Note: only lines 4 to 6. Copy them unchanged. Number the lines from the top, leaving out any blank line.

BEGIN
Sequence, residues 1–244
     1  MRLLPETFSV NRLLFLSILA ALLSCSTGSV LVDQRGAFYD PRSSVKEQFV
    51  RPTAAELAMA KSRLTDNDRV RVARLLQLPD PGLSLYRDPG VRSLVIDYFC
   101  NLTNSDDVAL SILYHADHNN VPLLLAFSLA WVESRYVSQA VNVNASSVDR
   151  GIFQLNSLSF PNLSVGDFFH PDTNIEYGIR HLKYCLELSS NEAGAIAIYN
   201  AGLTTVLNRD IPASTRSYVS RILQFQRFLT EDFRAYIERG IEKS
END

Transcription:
   101  NLTNSDDVAL SILYHADHNN VPLLLAFSLA WVESRYVSQA VNVNASSVDR
   151  GIFQLNSLSF PNLSVGDFFH PDTNIEYGIR HLKYCLELSS NEAGAIAIYN
   201  AGLTTVLNRD IPASTRSYVS RILQFQRFLT EDFRAYIERG IEKS